What is Copyright Law?
Do you know about relations between copyright law, copyright, and rights of a translator? This post introduces it to you.
Copyright protection is an actual task for any country. The development of technology has led to an increase in the use of an intellectual property. Intellectual property rights play a vital role. For example, they affect the efficiency of national innovation. Besides, intellectual property rights are one of the reasons for businesses to invest in innovation. After all, copyright law is a set of exclusive rights to authors. For the economy, copyright is an integral part of intellectual property. So, the way to protect your copyright is Copyright Law. Also, a translator as a party of intercultural business exchange plays a significant role of protection your copyright according to copyright law.
Specific features of Copyright Law in the USA
The Copyright Law of the USA protects “original works of authorship”. It is a legal definition used by state authorities. For example, you may find it in Syllabus №18-1150 of the Supreme Court of the USA. You also can find it in the Code of the Laws of the USA [17 U. S. C. §102(a)].
How does the protection of copyright law work? Let’s say a few words about this.
As a primary basis of the legal system, the U.S. Constitution protects copyright. For instance, in Article I, Section 8 states that “Congress shall have the power…To promote the Progress of Science and useful Arts, by securing for limited Times to Authors and Inventors the exclusive Right to their respective Writings and Discoveries”.
Then, the Copyright Office of the Library of Congress is responsible for overseeing the administrative functions of the copyright. Congress enacts copyright laws. And finally, the Federal courts interpret and enforce copyright law.
What does it mean? For instance, if you wrote a novel, you could publish and sell. So, the law protects your exclusive rights as an author. To protect your proprietary rights, they should be registered.
Currently, the appropriate state authority for this is the U.S. Copyright Office. Also, the Copyright Office records copyright transfers and relevant aspects of copyright law. The last amendments enacted by Congress through March 27, 2020.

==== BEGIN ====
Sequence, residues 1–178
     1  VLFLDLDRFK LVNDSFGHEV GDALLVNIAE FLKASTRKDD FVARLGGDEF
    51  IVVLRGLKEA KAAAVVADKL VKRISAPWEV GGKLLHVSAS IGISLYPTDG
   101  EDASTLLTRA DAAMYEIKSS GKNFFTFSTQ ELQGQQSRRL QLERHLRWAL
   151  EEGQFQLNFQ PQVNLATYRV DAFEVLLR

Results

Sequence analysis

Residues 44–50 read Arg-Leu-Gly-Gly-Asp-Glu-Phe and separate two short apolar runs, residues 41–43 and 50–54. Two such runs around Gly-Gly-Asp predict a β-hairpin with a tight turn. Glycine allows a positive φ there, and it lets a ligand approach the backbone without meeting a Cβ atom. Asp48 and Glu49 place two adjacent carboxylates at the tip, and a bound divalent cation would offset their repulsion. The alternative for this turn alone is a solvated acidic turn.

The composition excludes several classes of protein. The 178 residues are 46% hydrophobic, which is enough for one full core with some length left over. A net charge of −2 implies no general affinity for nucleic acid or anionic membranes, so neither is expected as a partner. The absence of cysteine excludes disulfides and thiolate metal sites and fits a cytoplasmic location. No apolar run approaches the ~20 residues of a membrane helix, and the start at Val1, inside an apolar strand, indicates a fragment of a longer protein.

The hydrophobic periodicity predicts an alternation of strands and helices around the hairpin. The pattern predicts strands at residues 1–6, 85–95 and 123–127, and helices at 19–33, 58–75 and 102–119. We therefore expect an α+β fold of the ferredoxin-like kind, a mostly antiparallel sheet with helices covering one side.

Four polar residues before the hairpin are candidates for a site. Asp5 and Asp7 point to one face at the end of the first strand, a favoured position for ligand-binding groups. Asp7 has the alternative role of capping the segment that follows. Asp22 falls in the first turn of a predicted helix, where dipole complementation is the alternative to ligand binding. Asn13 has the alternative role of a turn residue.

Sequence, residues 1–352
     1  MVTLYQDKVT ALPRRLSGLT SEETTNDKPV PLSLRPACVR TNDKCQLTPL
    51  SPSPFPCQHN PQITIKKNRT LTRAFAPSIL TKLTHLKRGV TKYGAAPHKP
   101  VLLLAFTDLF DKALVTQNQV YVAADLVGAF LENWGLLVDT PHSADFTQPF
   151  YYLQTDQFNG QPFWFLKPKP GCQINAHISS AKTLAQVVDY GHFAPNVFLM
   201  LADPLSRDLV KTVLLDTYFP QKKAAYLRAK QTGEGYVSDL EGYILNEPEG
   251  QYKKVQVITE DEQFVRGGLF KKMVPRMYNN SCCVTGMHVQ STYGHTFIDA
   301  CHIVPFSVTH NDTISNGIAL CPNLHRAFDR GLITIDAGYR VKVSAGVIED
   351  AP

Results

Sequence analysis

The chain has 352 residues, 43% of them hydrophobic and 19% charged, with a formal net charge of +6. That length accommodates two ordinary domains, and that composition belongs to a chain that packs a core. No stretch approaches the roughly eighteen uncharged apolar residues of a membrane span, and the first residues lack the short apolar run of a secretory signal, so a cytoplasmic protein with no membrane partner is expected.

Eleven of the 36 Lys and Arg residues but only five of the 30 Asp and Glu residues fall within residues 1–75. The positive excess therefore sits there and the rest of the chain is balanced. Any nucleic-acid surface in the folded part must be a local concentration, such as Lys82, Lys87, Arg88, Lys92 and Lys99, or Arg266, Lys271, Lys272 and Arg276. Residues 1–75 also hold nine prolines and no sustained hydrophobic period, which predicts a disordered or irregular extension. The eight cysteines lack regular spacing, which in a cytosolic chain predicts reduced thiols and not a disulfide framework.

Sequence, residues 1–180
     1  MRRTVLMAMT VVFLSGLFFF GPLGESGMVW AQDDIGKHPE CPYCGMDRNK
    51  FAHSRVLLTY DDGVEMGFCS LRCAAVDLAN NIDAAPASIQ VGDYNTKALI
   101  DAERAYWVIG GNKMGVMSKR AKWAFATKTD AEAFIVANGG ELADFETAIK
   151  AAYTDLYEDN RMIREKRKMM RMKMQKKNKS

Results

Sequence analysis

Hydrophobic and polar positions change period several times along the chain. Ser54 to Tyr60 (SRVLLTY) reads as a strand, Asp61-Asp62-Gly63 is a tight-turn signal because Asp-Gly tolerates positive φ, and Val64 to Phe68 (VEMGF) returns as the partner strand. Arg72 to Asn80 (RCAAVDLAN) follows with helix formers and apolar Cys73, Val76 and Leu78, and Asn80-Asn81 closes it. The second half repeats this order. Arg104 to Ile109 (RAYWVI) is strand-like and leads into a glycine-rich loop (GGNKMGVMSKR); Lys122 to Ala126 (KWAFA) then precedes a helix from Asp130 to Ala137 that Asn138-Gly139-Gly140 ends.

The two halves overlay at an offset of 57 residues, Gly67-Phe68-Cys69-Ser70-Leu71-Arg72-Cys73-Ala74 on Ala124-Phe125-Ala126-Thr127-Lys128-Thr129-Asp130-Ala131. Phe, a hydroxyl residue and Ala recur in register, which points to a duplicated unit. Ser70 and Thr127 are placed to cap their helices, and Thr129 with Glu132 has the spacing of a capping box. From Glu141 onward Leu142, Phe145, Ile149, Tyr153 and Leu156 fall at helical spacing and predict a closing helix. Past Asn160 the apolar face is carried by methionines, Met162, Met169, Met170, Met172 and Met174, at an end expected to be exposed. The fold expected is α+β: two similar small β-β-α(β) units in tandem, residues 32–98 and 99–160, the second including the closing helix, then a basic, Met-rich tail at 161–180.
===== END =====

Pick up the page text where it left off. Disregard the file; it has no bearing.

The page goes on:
Now, the Digital Millennium Copyright Act (DMCA) provides reliable protection for intellectual property. It protects against illegal production and distribution of I.P. objects, as well as against technologies that bypass modern technical means of copyright protection.
Specific features of Copyright Law in Russia
Now, let’s share some information about the Copyright Law of Russia. The state authorities of the Russian Empire had prepared a first copyright statute in 1828. Now, Russia is a civil law country.
Sources of copyright litigation in Russia
The primary sources of copyright litigation include:
1. Part IV of the Civil Code of the Russian Federation;
2. Code of Arbitrazh Procedure of the Russian Federation and Code of Civil Procedure of the Russian Federation (Arbitrazh Code and Civil Procedure Code);
3. Federal Law No. 149-FZ on Information, Information Technologies, and Information Protection (Law on Information).
4. Court practice.
5. International treaties.
New Civil Code of the Russian Federation as a source of copyright litigation
In 1993, a new Copyright Law of Russia entered in force. In 2006, the copyright law was added to the Civil Code of Russia. The Intellectual Property Law was last amended at the end of 2015. The Russian government regulates copyright law in Russia. Russia has the Court for Intellectual Property Rights (I.P. Court). Jurisdiction of the I.P. Court is intellectual property infringements. This court acts as the first instance. Besides, the I.P. Court is an appellate court of justice in IP-related cases.
Part IV of the Civil Code was comprehensive intellectual property legislation. The Civil Code has information about copyright law. It is chapter 70 (authors’ rights), 71 (neighboring rights). The general provisions of the copyright law contained in chapter 69. Other chapters contain information about:
The protection of breeders’ rights,
Of integrated circuits, trade secrets,
Of trademarks, brands, and geographical indications.
Certainly, all human translations are subject to copyright. The exclusive right to translation belongs to the translator who completed it. You can find it in Articles 1228, 1229, 1259 and 1260 of the Civil Code of the Russian Federation. Thus, a translator has the right to reproduce, distribute, copy the translated document.
Differences between Copyright Law in the USA and Russia